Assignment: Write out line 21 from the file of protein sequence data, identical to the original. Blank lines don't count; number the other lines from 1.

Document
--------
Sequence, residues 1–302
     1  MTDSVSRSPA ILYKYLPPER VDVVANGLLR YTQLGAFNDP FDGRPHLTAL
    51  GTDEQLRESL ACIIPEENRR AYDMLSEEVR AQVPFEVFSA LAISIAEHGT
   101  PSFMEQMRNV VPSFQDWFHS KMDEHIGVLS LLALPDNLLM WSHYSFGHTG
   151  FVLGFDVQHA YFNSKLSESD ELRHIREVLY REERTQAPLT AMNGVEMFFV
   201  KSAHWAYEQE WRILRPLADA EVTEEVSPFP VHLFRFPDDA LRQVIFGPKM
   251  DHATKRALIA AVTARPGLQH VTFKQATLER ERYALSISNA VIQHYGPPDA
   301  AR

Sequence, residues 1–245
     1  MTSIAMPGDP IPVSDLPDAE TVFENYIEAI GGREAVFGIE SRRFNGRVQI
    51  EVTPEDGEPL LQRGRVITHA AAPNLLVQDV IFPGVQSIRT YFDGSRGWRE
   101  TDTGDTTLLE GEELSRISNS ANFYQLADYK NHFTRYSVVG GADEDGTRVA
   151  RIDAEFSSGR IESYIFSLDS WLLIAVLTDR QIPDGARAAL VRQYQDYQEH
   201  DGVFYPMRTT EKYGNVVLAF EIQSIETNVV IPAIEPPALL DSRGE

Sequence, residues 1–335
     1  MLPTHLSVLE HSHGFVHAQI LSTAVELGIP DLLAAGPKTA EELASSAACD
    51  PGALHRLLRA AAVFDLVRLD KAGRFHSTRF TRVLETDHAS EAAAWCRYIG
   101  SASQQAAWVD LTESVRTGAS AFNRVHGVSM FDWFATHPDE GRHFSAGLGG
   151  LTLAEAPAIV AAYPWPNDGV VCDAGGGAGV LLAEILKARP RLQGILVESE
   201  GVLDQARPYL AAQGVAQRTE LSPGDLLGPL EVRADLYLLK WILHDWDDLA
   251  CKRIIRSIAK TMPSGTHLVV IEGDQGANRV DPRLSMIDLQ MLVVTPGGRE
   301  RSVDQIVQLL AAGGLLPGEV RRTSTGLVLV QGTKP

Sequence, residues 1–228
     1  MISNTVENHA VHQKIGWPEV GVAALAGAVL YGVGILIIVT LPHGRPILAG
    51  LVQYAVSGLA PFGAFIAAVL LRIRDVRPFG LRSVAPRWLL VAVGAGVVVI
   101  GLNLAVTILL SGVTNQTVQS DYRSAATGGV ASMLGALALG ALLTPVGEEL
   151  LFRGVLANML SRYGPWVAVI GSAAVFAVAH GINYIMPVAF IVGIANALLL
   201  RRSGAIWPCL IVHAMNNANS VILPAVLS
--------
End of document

   251  CKRIIRSIAK TMPSGTHLVV IEGDQGANRV DPRLSMIDLQ MLVVTPGGRE